Any profits or other assets of ROAM will be used entirely to meet its objectives.

Code of Conduct

ROAM expects the Board of Directors, Management Team as well as the many volunteers to act in a professional and ethical manner.  Individuals will be required to review and sign the Code of Conduct prior to becoming part of the ROAM team.

  • Confidentiality – We are committed to maintaining the highest degree of integrity in all our dealings with our clients and partners, keeping client information confidential when appropriate.
  • Ethics – We conduct and provide services honestly and expect our clients and partners to do the same.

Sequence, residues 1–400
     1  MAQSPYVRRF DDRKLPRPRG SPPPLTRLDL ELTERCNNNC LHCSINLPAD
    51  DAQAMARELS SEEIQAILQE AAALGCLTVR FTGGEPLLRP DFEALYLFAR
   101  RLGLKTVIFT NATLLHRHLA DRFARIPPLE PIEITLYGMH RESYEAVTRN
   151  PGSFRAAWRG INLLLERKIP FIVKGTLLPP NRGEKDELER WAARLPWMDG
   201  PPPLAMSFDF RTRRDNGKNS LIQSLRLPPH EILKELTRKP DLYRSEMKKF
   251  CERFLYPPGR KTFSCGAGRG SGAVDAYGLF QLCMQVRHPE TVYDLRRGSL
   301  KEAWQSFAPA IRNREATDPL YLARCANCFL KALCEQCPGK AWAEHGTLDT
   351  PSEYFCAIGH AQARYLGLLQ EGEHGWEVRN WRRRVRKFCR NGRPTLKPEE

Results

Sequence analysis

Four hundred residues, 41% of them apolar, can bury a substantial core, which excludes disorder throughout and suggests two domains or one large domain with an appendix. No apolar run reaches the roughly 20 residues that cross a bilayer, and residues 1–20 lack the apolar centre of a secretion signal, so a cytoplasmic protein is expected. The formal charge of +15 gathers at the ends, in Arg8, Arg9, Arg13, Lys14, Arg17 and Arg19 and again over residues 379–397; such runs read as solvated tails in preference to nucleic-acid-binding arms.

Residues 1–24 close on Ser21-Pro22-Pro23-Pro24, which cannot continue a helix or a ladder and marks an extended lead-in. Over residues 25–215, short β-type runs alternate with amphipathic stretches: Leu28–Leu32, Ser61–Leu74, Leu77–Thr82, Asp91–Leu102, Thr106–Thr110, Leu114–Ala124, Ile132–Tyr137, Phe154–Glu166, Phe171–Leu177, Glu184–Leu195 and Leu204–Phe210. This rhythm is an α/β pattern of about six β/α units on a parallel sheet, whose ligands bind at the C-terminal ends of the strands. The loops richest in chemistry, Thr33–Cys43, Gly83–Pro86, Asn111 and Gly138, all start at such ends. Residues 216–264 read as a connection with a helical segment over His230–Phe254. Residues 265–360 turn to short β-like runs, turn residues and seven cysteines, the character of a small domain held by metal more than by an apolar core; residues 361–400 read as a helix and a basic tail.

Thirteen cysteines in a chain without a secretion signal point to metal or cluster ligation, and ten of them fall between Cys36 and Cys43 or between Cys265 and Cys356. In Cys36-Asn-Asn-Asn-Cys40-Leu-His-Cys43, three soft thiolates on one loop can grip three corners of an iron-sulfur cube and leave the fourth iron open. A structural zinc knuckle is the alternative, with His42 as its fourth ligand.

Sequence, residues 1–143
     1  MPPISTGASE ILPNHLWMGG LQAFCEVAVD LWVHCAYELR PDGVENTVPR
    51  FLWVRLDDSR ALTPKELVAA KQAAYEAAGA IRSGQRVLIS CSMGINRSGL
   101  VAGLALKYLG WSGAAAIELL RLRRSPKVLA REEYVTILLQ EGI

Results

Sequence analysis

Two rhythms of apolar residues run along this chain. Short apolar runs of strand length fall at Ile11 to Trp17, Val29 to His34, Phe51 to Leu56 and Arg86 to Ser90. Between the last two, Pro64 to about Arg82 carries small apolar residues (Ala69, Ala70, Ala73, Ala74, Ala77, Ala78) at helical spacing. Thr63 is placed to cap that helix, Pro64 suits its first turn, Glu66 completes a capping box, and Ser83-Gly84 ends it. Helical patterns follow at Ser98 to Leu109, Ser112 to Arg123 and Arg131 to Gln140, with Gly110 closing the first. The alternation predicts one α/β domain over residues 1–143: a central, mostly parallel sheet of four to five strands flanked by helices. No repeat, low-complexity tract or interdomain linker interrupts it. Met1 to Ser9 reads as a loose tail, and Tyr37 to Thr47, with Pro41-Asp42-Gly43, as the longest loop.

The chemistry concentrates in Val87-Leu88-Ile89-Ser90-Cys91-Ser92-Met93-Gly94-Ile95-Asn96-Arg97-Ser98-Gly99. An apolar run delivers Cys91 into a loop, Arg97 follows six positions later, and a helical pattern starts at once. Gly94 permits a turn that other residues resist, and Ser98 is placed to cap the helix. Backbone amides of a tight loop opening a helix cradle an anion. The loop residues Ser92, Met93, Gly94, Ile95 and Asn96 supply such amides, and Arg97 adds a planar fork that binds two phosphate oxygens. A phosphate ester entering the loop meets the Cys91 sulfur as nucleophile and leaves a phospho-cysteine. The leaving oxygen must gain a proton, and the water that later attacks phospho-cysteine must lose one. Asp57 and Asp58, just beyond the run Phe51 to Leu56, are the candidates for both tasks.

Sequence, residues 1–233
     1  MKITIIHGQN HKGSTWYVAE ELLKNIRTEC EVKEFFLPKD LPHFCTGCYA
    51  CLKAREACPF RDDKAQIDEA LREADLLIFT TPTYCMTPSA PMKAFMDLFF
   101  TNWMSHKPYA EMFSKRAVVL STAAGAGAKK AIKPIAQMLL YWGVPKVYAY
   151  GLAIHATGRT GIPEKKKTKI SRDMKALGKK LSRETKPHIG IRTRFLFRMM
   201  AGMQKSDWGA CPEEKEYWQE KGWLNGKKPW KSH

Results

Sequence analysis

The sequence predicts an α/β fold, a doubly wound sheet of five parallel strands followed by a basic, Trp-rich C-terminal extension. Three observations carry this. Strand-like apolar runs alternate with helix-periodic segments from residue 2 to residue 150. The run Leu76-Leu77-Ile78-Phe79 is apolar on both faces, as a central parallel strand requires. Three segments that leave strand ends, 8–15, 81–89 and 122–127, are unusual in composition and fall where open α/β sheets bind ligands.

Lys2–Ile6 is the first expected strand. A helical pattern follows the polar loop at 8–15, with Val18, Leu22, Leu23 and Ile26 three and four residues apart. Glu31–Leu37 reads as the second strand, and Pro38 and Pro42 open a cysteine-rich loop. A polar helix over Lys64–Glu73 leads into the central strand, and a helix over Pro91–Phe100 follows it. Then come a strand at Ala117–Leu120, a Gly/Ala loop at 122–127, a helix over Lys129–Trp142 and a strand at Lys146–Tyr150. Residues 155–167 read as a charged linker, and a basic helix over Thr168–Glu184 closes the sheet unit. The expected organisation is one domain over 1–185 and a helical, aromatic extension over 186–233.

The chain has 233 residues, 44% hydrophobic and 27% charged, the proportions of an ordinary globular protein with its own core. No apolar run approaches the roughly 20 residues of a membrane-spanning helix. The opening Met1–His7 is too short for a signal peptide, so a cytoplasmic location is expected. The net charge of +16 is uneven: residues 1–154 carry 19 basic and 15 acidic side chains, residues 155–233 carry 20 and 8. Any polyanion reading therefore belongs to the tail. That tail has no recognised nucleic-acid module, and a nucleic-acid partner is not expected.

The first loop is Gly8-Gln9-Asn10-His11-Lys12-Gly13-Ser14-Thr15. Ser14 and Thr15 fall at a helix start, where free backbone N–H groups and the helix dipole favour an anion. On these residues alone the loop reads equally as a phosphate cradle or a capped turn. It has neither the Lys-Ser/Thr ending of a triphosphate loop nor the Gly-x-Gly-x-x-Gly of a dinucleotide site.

• Legal / Duty of Care – Our actions and advice will always operate and conform to the law.
  • Professional conduct – We conduct all of our activities professionally and with integrity.  We take great care to be completely objective in our judgement and any recommendations we give are never influenced by anything other than the best interests of the animal.
  • Equality and Discrimination – We strive to be fair and objective in our advice and actions, and we are never influenced in our decisions and actions by issues of gender, race, creed, colour, age or personal disability.

Reuniting Owners with Animals Missing